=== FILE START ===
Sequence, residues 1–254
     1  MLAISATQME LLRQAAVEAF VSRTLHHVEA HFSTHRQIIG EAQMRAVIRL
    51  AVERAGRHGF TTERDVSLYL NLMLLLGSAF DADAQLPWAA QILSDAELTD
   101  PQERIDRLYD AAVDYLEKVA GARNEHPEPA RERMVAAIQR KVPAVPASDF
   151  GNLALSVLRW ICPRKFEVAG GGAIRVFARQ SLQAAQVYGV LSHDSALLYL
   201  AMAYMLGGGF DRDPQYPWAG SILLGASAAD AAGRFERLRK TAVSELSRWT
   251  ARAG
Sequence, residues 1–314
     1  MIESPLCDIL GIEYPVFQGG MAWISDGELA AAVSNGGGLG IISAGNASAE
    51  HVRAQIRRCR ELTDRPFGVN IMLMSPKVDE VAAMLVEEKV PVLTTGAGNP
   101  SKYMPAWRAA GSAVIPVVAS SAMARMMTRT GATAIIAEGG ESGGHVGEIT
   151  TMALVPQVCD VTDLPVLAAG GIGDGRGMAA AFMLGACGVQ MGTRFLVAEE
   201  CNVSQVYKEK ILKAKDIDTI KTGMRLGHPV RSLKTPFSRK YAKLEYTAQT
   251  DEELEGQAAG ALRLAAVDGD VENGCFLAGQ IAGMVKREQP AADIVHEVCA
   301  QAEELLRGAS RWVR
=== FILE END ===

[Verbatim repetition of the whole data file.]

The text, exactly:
Sequence, residues 1–254
     1  MLAISATQME LLRQAAVEAF VSRTLHHVEA HFSTHRQIIG EAQMRAVIRL
    51  AVERAGRHGF TTERDVSLYL NLMLLLGSAF DADAQLPWAA QILSDAELTD
   101  PQERIDRLYD AAVDYLEKVA GARNEHPEPA RERMVAAIQR KVPAVPASDF
   151  GNLALSVLRW ICPRKFEVAG GGAIRVFARQ SLQAAQVYGV LSHDSALLYL
   201  AMAYMLGGGF DRDPQYPWAG SILLGASAAD AAGRFERLRK TAVSELSRWT
   251  ARAG
Sequence, residues 1–314
     1  MIESPLCDIL GIEYPVFQGG MAWISDGELA AAVSNGGGLG IISAGNASAE
    51  HVRAQIRRCR ELTDRPFGVN IMLMSPKVDE VAAMLVEEKV PVLTTGAGNP
   101  SKYMPAWRAA GSAVIPVVAS SAMARMMTRT GATAIIAEGG ESGGHVGEIT
   151  TMALVPQVCD VTDLPVLAAG GIGDGRGMAA AFMLGACGVQ MGTRFLVAEE
   201  CNVSQVYKEK ILKAKDIDTI KTGMRLGHPV RSLKTPFSRK YAKLEYTAQT
   251  DEELEGQAAG ALRLAAVDGD VENGCFLAGQ IAGMVKREQP AADIVHEVCA
   301  QAEELLRGAS RWVR